Open Fire: Understanding Global Gun Cultures

By Charles Fruehling Springwood | Go to book overview
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CHAPTER 9
“Gun Rights Are Civil Rights”: Racism and the Right
to Keep and Bear Arms in the United States

Christy Allen

Over 40,000 gun-owners and gun-rights enthusiasts from across the United States were making their way to Reno, NV, in April of 2002—answering the call put forth by the National Rifle Association (NRA) in its 131st Annual Conference theme, “I'll Fight For Freedom!” Settling into the taxi on my way to the convention center, I envisioned a sea of middle-aged white guys in faded jeans and T-shirts sporting the red, white and blue of the American flag. It was my first venture into the field for my research on gun-rights activism, and I was preoccupied with thoughts of how to minimize the differences between me, a left-wing woman in her twenties studying at a British university, and the rightwing activists I was sure I would meet. Though I grew up in the Midwest, I never interpreted the Second Amendment the way these activists do—as an individual right to keep and bear arms not only against criminal attack but also against government oppression. As if he could read my mind, the taxidriver, a middle-aged black man, shifted in his seat at a stop light so that he could look at me. “You're not here for the NRA Convention, are you? I have to say, you don't look like a member.”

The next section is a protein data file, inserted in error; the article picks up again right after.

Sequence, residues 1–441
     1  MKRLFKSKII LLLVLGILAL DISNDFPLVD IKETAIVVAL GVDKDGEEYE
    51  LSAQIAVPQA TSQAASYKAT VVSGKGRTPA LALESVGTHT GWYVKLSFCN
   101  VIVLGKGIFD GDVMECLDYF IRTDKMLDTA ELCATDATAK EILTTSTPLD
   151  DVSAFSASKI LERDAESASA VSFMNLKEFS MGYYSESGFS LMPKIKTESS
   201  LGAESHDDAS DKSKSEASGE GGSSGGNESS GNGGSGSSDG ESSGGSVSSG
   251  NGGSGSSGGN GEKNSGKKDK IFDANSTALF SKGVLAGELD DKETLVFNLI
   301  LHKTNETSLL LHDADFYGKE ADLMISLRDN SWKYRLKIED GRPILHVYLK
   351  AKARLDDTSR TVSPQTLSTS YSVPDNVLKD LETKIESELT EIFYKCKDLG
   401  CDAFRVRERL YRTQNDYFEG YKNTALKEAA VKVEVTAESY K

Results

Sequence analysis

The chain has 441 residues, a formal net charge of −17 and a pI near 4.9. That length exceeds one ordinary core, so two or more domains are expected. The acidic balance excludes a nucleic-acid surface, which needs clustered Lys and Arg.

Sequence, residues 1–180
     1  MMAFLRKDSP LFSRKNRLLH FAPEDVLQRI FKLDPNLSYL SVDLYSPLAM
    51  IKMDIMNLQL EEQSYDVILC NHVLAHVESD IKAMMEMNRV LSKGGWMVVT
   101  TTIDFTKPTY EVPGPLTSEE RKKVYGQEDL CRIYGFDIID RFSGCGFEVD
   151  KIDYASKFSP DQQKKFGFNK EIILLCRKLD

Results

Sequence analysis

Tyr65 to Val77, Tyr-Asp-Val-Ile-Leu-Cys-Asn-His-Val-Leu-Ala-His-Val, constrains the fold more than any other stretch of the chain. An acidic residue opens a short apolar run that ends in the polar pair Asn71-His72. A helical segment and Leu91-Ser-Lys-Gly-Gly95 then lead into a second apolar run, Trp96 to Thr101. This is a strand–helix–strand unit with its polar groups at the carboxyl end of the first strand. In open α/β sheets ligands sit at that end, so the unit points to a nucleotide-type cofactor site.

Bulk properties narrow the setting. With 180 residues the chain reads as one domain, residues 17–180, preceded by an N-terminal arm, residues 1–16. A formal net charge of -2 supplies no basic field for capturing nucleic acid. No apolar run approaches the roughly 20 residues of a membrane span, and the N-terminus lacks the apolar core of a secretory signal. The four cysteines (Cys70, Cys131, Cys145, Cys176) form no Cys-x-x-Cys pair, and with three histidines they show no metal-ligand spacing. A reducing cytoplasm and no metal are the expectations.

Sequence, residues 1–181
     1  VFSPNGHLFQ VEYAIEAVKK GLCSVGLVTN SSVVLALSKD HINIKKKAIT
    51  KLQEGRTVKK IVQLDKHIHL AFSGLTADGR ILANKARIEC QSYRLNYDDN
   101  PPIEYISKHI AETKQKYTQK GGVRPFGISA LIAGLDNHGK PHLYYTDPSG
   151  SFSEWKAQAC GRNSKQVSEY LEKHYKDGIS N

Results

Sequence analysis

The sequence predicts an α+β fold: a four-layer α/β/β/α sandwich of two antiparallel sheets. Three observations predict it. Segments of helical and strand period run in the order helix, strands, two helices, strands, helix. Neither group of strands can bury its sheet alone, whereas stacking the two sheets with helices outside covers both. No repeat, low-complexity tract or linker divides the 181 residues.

Looking back, it's easy to see the common assumptions the taxi driver and I had made about each other when he told me I didn't “look like a member”—we both imagined we knew what a gun-rights activist looked like. Just that morning I had seen the then NRA President Charlton Heston on CNN, telling the news anchors: “Those old dead white guys who wrote the Bill of Rights knew what they were doing.” Associated Press polls consistently report that black Americans are much more likely to support gun control than white Americans (Lester 1999; McClurg et al. 2002). Traditionally, sociological accounts of the American gun-control debate describe a fundamental division between the urban, cosmopolitan Northeastern Americans, with little experience with, little use for, and often outright disdain for, firearms and Southwestern Americans, made up of rural traditionalists who grew up with firearms and see them as tools to which they have a constitutionally protected right (for example, see BruceBriggs 1976; Hofstadter 1971; Kennet and Anderson 1975; Tonso 1989).

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